Backup file size issue


I am using Duplicati to create backup of my files on pc to a local server. all works well but at the end I get warning like this everyday when backup is created

  • 2021-08-17 12:06:53 +05 - [Warning-Duplicati.Library.Main.Operation.FilelistProcessor-MissingRemoteHash]: remote file is listed as Uploaded with size 45088768 but should be 52418413, please verify the sha256 hash “yUv7E7ONgSC/XI4RlJQ+2pv60o/VdvWvy+opTYuBGls=”

I tried to check the file size manually and it is actually 45088768. it would be great if someone can suggest how to get this fixed

version: Duplicati -


What kind of local server? What protocol are you using (what is “Storage Type” set to on the Destination page of your backup config)?

Thanks alot for replying !!

Its just a permission based local server for which access is provided to me by my employer to store files as per my need. the server is maintained by other departments. Storage type is set to “Local Folder or Drive” after which i just pasted the address as “\(double slash)\yyy\zzz”.

I am not sure what exactly do you mean by protocol, in the configuration i did not had to specify any protocol while creating this backup scheduler. for encryption I selected "AES-256, built- in’.

Might be good (or maybe not). Is there a professional IT department, with expertise and time to help?

Because I suspect issue is within your system and the server, can you or other departments help any?
A simple way to bypass SMB problems might exist if there is some other access, e.g. NFS, SFTP, etc.

Seeing what Duplicati wrote is very possible with Sysinternals Process Monitor, except it can be rather memory-intensive if it has to run a long time. Can you reproduce this issue with a nicely small backup?
If so, just monitor all activity to destination folder. When issue happens, look for the file that was named.

Alternatively, you can see if you can reproduce it with Duplicati.CommandLine.BackendTester.exe with target URL taken from Export As Command-line and then edited to point to an empty folder for this test.

You can also look for other wrong-sized files, e.g. doing The TEST command in GUI Commandline with larger sample size in the Commandline arguments box (or even ask for all if you’re willing to do that).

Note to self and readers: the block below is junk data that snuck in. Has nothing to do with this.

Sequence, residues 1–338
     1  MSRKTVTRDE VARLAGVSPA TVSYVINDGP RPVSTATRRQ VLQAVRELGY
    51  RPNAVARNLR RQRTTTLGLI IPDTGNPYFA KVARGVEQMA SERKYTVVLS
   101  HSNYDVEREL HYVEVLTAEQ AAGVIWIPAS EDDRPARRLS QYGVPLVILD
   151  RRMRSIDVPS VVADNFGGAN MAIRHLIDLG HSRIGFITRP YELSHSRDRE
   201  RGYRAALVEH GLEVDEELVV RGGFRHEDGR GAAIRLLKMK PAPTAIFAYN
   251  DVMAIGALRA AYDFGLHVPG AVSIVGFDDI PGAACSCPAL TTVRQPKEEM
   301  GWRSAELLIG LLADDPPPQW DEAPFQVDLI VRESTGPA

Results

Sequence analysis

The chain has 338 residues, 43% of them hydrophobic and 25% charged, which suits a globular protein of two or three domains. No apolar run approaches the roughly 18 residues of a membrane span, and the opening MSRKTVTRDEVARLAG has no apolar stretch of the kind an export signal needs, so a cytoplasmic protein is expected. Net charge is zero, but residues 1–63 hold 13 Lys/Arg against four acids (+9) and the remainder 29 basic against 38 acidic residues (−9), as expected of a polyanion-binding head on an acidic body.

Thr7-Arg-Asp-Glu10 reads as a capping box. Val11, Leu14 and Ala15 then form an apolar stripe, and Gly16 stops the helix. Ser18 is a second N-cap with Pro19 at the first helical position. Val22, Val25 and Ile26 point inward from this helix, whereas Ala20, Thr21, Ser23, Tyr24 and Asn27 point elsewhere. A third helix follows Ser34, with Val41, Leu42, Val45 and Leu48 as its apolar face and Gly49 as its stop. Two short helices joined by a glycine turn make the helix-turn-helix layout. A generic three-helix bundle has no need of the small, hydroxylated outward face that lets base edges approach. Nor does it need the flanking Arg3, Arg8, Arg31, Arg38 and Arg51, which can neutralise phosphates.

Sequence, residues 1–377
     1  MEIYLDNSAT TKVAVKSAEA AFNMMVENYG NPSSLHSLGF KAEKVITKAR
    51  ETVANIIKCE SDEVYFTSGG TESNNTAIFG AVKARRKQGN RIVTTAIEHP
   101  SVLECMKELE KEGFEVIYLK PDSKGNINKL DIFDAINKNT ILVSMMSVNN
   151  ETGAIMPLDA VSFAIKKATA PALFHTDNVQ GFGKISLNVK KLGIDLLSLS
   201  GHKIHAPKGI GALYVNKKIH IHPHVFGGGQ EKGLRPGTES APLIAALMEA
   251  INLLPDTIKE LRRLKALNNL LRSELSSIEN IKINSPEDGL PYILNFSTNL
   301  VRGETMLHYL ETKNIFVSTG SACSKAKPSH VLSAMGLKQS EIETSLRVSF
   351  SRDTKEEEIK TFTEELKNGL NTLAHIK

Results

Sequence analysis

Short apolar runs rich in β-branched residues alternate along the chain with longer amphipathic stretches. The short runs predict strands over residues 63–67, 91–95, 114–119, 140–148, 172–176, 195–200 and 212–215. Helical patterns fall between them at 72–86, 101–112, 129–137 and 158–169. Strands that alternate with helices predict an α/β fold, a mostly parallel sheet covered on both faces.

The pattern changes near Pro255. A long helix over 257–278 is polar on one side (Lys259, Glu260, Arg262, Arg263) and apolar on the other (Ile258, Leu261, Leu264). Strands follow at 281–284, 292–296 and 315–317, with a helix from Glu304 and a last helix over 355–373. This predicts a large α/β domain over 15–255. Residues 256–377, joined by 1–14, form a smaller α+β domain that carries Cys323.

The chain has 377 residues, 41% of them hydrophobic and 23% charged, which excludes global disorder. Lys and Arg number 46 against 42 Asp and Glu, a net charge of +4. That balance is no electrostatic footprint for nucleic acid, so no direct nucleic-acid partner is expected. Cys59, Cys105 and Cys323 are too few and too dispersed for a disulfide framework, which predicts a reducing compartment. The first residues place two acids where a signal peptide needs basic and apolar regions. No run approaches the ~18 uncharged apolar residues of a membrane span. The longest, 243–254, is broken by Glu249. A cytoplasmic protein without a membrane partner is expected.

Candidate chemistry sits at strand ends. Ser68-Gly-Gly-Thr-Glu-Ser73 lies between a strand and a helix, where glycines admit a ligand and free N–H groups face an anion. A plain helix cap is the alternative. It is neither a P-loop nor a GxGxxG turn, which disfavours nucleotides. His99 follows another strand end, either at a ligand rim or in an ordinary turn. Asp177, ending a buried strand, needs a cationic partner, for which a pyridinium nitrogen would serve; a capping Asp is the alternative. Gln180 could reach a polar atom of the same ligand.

45088768 is a suspiciously even 2B00000 in hexadecimal, and seeing this always makes me suspect a filesystem or SMB problem, because file operations tend to work in large powers of two, from what I see. Specific design details and capabilities may depend on things like the SMB version used, and its settings.

To improve performance, there is also a lot of caching, so one question is whether doing less would help.

When to use SMB WriteThrough in Windows Server 2019
Controlling write-through behaviors in SMB

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I wonder if the hash is different. Could be that Duplicati could use a fix here. Maybe the allocation size used with that drive’s format is different. Don’t think I’ve tested Duplicati with a different size. But if Duplicati is having a problem putting together that file for some reason then it could be off as well depending on what’s going on the the total size variable.

Though MissingRemoteHash is kind of weird as well.

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Previously I would have said that the wrong size guarantees that, but we’ve seen SMB actually have the whole file with the correct hash, yet give the wrong size, which leads to a misleadingly-named message.

Corrupted files on shared folder in local LAN #4076

(So, sha256 the file, then Hex to Base64 and compare with the log entry)
All three files actually have the sha256 hash reported in the log as above

There are lots more debug ideas there, including Wireshark. The user didn’t pursue, and didn’t find a fix.
If @Rahul_Kumar_Sharma or the IT department (?) can help, that’d be great. I can’t do this remotely…
On a Windows test I just ran, I used “Hash Tool” from DigitalVolcano Software, from the Microsoft Store.
Hex to Base64: Encode and decode bytes online was then run. If you like other tools, run those instead.

I suppose you can also just try reading the file into something that will show how much of it is truly there.
You’d want something that doesn’t mind binary files, maybe a hex editor. Or just try to decrypt the file in AES Crypt. If that works, then it’s almost certainly not chopped short, though you don’t have actual hash.

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